Florida is a state that allows for swimming virtually year round. There are swimming pools in just about every neighborhood from small backyard pools to community swimming pools. While swimming is a great activity for children, it also poses a real risk for children, especially toddlers and smaller children who lack strong swimming, survival skills, and judgment. Certainly, a child is at risk when there is no adult supervision in the area of the water way / swimming pool. Even when adults are present, there are also risks to children if their the “supervision” is distracted by conversation, mobile phone use, a television, or just simple inattention. When a child dies or is seriously injured from a drowning incident, there is a ripple effect through the family and the community.
A recent event that occurred in Jacksonville, Florida exemplifies this. According to a news report, a toddler drowned in a backyard pool when family members briefly lost track of him. Events like these occur all too frequently. According to the Center for Disease Control, an average of over 700 children under age fourteen die annually from drowning. The Center for Disease Control also indicates that, for every child that dies from drowning, five others go to the hospital for almost drowning. Unfortunately, Florida leads the nation in number of child deaths from drowning in 2017, as revealed by the Miami Herald. Thus, staying vigilant with children around water is especially pertinent in Florida. See Water Injuries – Fact Sheet- Center for Disease Control.
Most drowning and near drowning incidents are completely preventable. Water safety / swimming precautions can include: installation of fencing around water, designation of an adult to provide constant supervision of children in water or around water, pool alarm systems for doors leading out to water access, adornment of lifejackets when children play near or in the water, and swim lessons at a young age. CPR training may also save a child’s life in the event that a child drowns.
Unfortunately and tragically, communities across the State of Florida and the nation continue to grapple with the challenges and aftermath of mass shootings. A mass shooting took place at the Jacksonville Landing. The Jacksonville Landing is well known to local residents, visitors, and the attendees of the annual University of Florida / University of Georgia Football Game. The Jacksonville Landing sits on the waterfront and has been the central focal point for festivals, concerts, political rallies, and other events. Now, the Jacksonville Landing will now be known and associated with a mass shooting that took place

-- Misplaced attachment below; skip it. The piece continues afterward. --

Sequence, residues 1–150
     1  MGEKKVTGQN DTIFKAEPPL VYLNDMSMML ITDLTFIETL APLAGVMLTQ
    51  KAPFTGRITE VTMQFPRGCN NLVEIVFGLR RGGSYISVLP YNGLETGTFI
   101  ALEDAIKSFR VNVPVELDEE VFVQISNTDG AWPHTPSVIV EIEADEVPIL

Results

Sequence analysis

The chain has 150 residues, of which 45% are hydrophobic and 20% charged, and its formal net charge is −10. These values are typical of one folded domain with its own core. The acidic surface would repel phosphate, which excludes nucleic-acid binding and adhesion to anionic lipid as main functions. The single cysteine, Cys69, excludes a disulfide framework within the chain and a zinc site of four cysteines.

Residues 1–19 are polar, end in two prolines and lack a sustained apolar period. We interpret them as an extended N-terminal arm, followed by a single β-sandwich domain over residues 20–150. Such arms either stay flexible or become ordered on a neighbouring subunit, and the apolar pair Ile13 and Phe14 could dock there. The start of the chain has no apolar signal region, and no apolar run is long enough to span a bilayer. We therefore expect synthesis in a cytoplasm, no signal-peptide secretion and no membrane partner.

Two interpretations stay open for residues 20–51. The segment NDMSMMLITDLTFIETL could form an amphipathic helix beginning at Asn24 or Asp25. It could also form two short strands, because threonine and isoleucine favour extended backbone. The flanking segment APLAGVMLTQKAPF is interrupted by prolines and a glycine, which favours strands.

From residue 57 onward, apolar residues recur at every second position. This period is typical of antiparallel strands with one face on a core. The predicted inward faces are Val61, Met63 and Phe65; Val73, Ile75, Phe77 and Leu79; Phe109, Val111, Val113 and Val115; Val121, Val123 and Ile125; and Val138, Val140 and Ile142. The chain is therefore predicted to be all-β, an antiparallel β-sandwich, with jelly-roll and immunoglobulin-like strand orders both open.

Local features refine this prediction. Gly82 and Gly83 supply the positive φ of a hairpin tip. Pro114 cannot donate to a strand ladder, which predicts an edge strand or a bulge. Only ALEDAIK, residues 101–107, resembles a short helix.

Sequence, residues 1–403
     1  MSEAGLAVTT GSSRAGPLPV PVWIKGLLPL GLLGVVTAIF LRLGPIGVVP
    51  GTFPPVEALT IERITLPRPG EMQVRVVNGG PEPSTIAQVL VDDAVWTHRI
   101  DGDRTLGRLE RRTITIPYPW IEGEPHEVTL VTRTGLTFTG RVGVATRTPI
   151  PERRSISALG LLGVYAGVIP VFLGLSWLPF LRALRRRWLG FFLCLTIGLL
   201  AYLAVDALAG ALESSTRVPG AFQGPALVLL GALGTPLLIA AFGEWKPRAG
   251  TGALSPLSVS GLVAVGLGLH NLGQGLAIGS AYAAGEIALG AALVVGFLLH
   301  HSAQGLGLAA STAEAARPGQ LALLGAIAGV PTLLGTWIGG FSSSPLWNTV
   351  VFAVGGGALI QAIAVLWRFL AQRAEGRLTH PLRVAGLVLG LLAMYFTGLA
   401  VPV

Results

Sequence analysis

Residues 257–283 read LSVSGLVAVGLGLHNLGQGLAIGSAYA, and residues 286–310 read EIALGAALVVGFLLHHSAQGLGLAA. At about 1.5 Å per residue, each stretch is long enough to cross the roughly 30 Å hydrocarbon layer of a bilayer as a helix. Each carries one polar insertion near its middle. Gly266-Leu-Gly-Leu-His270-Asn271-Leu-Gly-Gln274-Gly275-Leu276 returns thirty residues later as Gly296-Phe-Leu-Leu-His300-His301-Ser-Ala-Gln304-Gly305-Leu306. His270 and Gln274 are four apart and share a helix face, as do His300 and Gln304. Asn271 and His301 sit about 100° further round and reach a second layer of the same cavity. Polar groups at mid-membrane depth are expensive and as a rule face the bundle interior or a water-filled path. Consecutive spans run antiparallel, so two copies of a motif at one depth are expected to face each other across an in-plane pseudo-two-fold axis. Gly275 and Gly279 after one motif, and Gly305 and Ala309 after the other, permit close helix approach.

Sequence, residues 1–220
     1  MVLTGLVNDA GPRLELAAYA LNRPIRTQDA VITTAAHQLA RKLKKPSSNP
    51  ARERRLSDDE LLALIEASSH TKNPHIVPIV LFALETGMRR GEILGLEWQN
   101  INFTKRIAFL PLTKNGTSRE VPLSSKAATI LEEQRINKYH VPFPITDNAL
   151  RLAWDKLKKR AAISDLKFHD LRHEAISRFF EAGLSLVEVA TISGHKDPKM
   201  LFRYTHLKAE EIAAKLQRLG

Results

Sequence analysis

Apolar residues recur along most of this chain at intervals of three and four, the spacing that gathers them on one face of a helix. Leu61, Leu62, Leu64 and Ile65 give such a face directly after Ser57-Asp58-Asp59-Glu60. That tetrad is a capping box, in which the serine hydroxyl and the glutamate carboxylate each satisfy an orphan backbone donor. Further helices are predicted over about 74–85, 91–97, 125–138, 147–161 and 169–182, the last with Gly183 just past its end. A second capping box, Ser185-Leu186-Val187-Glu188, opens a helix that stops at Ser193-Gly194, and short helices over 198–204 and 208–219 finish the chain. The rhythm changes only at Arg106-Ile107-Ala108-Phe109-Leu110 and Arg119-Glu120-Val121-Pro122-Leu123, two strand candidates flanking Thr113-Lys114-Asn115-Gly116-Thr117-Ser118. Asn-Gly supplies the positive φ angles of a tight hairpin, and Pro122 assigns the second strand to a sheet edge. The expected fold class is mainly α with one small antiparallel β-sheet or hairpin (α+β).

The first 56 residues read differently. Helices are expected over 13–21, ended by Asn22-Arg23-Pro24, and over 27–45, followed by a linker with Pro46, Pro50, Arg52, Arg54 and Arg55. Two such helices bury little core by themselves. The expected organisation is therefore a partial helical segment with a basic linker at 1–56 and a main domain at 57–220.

The Jacksonville Landing was the host of the Madden 19 Video Game Tournament. It was reported that three people died including the shooter and nine people were injured in the shooting. David Katz, age 24, was reported as the shooter by USA Today and other media outlets. His gun was described as a large caliber handgun with a laser sight attachment.
The attendees and guests at this event were simply gathering together to play video games. Unlike Call to Duty and other games, there are not even any guns or weapons in Madden Football. Regardless, innocent people were killed and injured as a result of the careless and senseless acts of the gunman.
In the State of Florida and other States, amusement parks and theme parks provide fun and excitement in the form of roller coaster rides, carousel rides, ferris wheel rides, and rides. Some amusement park rides go quite slow and involve little force, friction, or height. However, any mechanical ride can pose a threat to riders if there is a malfunction, design defect, or operation error. This is especially the case with roller coasters that involve great heights, sharp turns, and twists and turns at high speeds. A recent incident that took place in Daytona Beach, Florida at the Daytona Beach Boardwalk. It was reported that two riders fell from the Sand Blaster Roller Coaster ride. There were a total of nine riders injured as a result of the incident. For more information regarding this incident, see Roller Coast Ride Accident – Daytona Beach – Personal Injuries and History of Ride Inspections by the State of Florida.
With most legal cases involving a personal injury, there are four elements of the case to establish as follows:
1 – Duty;
There is a common danger in homes, day care centers, schools, and other facilities. The common danger is in the form of window blinds. There are injury risks associated with window blind cords including those related to bruises, cuts, scrapes, and most significantly strangulation. While it is well known and widely reported that window blind cords represent a significant risk to small children, reports of injuries continue to take place because safety precautions were not taken by the applicable child care provider.